December Trade Deficit and January Small Business Optimism

KEY DATA: Deficit: $1.4 billion wider; Exports: +1.5%; Imports: +1.6%/ NFIB: -1.8 points

IN A NUTSHELL: “The U.S. economy may have recovered sharply in 2021, but a lot of the improvement was used to buy foreign products.”

WHAT IT MEANS:  The world economy is coming around, as Omicron starts to burn itself out and restrictions are eased.  That is the good news.  The bad news is that the U.S. continues to ship its recovery out to the rest of the world.  In December, the monthly trade deficit widened again, reaching a record high.  Records are nice, but not this one, as it represents growing funds flowing out of the country.  Much of that income went to China, as our exports to that country declined but our imports soared.  Both export and imports increased in December, which is what we want to see.  We sold more of just about everything to the rest of the world.  Only food exports declined, with soybean sales leading the way.  As for imports, our demand for consumer goods, especially cell phones, vehicles and capital goods jumped.  Our purchases of industrial products (largely petroleum) as well as food were down.  For all of 2021, the deficit widened by $182.4 billion, or twenty-seven percent.  That should put into perspective the magnitude of the widening of the deficit. 

Small businesses optimism, not surprisingly, continues to falter.  The National Federation of Independent Businesses’ Index fell in January and the level is not too far from where it was in March 2020.  Firms continue to be battered by rising input and labor costs and a shortage of qualified workers. The report noted that: “The net percent of owners raising average selling prices increased 4 points to a net 61 percent seasonally adjusted, the highest reading since Q4 1974.”  Can you say inflation?  The respondents don’t think this is a very good time to expand, largely because of the rising costs of doing business.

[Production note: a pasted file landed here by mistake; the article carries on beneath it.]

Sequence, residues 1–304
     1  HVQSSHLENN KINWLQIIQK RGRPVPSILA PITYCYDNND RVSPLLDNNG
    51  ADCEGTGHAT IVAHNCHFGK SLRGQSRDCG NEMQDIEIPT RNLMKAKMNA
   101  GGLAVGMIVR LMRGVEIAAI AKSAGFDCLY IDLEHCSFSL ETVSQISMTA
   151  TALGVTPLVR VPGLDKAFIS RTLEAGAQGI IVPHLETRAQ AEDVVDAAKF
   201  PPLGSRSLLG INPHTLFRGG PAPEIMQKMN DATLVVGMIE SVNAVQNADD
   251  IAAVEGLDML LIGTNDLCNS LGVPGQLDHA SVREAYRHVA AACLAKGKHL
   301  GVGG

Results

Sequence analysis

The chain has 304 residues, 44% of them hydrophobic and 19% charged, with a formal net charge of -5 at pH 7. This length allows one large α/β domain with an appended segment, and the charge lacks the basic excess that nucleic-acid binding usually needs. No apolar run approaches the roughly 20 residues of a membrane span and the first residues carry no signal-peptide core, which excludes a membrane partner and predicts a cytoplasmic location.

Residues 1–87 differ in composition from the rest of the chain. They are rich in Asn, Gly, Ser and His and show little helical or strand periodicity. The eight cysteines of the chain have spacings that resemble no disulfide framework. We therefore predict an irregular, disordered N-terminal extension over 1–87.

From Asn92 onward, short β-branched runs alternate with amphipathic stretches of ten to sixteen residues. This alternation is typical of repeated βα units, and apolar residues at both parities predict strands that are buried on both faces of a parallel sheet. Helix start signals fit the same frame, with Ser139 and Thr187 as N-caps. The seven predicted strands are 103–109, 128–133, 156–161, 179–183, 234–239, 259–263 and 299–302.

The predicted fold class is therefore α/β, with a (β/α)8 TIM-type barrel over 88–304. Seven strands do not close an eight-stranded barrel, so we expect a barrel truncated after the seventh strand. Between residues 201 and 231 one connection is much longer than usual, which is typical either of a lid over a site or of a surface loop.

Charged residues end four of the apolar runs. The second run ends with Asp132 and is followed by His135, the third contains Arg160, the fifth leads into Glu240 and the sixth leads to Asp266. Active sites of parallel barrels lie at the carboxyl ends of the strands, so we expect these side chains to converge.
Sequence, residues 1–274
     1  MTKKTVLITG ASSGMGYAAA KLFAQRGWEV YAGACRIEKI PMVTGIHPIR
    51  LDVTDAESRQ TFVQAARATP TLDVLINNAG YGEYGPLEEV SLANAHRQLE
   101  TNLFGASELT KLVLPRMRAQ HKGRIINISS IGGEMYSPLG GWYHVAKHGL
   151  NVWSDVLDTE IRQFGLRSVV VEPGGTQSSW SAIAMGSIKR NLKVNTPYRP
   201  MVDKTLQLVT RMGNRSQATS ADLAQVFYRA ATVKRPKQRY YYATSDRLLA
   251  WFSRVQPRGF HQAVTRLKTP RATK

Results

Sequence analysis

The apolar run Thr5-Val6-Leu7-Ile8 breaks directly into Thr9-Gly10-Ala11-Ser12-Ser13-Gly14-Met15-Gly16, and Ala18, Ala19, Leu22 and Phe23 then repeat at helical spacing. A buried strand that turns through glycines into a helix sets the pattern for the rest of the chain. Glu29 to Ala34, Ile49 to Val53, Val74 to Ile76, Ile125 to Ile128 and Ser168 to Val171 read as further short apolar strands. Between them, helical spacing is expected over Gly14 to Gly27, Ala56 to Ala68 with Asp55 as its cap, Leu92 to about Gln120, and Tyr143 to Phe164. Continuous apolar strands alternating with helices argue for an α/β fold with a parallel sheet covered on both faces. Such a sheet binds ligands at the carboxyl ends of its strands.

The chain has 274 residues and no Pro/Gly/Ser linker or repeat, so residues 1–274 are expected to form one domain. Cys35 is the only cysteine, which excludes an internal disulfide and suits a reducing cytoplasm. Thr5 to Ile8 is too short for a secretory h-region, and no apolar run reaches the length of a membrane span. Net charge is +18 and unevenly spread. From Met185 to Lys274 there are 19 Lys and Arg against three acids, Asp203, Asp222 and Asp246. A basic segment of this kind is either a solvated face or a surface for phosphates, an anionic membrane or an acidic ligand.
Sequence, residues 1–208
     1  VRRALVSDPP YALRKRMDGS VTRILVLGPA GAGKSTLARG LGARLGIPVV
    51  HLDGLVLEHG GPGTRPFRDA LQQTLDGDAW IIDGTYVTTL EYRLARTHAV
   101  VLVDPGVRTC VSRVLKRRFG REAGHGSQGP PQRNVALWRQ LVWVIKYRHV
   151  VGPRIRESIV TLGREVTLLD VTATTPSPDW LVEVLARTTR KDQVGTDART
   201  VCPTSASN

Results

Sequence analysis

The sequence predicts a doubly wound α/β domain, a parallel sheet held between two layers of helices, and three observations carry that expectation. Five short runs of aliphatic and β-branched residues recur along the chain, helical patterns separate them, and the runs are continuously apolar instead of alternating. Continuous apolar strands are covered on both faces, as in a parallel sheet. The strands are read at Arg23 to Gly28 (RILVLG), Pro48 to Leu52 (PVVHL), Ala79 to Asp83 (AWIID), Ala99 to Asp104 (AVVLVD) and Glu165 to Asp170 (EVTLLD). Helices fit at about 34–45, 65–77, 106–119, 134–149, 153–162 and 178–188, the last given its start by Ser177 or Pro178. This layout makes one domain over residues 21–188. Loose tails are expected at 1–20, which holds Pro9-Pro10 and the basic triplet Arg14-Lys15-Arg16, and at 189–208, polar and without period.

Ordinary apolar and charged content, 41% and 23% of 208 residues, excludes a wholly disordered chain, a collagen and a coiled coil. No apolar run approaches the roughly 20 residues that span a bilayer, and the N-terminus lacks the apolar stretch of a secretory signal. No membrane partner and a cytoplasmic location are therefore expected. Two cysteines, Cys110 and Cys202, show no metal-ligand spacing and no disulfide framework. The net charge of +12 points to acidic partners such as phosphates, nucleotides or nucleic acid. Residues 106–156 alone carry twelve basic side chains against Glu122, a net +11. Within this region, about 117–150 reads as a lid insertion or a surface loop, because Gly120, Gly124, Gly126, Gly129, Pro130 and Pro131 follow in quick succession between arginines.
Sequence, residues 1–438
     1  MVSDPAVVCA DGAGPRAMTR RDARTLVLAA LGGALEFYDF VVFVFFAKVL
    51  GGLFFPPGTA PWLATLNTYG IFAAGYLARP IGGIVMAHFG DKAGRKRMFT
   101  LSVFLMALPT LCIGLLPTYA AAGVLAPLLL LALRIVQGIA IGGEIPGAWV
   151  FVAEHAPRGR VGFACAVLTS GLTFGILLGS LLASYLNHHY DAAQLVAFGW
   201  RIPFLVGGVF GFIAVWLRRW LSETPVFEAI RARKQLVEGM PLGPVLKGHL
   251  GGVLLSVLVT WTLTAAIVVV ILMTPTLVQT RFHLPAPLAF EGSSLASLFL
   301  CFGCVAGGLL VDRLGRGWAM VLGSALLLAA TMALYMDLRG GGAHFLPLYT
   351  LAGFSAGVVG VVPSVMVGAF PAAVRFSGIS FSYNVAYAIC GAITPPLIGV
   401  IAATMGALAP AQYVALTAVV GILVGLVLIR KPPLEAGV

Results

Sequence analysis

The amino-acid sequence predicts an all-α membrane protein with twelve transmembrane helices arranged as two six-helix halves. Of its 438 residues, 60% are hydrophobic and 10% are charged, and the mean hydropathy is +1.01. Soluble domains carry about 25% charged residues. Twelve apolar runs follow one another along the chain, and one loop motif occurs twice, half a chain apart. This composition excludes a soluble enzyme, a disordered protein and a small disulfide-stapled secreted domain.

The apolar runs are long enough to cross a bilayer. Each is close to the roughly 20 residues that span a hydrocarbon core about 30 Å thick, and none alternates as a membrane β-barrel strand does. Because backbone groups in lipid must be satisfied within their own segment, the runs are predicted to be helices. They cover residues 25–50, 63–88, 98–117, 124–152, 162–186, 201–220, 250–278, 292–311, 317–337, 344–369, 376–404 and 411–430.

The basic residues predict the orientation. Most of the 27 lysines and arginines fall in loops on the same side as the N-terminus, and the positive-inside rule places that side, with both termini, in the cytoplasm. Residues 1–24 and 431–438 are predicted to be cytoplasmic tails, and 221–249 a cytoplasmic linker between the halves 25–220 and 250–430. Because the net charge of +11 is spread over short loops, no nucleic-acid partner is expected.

IMPLICATIONS: There wasn’t a lot of good news in today’s data.  Yes, we are selling more abroad, but we are also shipping a lot more of the income that has been generated by the recovery out of the country.  That is slowing growth and there is little reason to expect that to change.  On the inflation front, when there is a record share of small businesses saying they are raising prices, that is a clear indication that inflationary pressures have spread across the economy.  I have noted several times that the rate of inflation will ease as we go through this year.  The growing numbers of firms of all sizes raising prices is a warning that pricing power may be starting to become embedded in the economy.  And once firms know they can raise prices, they are likely to hold onto that power as long as possible.  The Fed will soon embark on the process of raising rates.  The members seem to be signaling that the hikes may not be aggressive, at least to start.  I have argued that the inflation risks are great enough that it would make sense to raise rates not just by one-quarter percent, but by one-half percent to start off.  Economists have started a forecasting war, trying to see who can come up with the highest increase this year.  The latest I have seen is for seven, yes seven 25-basis points increases, for a total of 1.75 percentage points in 2022.  My view is that by coming out with a higher-than-expected initial rate hike, the FOMC might be able to send a message that it means businesses, buying itself some time.  Instead, we could see a repeat of the “slow but steady wins the race” approach.  That could lead to a greater than necessary ultimate increase in rates, as it allows households and businesses to plan for the slow increases and adjust accordingly, forcing the Fed to keep hiking rates.  The Fed needs more of a hammer than a fly swatter approach.